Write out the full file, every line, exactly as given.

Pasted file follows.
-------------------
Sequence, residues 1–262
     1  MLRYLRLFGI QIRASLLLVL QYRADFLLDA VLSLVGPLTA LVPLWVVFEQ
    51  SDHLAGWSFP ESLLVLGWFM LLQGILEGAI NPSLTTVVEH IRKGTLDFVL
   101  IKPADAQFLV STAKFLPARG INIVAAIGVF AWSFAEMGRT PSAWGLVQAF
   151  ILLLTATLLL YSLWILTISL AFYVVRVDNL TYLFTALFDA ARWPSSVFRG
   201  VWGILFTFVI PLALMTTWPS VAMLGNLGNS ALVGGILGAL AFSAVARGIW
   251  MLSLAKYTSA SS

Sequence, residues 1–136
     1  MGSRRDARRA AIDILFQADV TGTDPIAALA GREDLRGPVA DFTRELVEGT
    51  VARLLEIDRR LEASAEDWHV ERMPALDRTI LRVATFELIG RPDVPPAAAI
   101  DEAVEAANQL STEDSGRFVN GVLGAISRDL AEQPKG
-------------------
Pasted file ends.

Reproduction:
Sequence, residues 1–262
     1  MLRYLRLFGI QIRASLLLVL QYRADFLLDA VLSLVGPLTA LVPLWVVFEQ
    51  SDHLAGWSFP ESLLVLGWFM LLQGILEGAI NPSLTTVVEH IRKGTLDFVL
   101  IKPADAQFLV STAKFLPARG INIVAAIGVF AWSFAEMGRT PSAWGLVQAF
   151  ILLLTATLLL YSLWILTISL AFYVVRVDNL TYLFTALFDA ARWPSSVFRG
   201  VWGILFTFVI PLALMTTWPS VAMLGNLGNS ALVGGILGAL AFSAVARGIW
   251  MLSLAKYTSA SS

Sequence, residues 1–136
     1  MGSRRDARRA AIDILFQADV TGTDPIAALA GREDLRGPVA DFTRELVEGT
    51  VARLLEIDRR LEASAEDWHV ERMPALDRTI LRVATFELIG RPDVPPAAAI
   101  DEAVEAANQL STEDSGRFVN GVLGAISRDL AEQPKG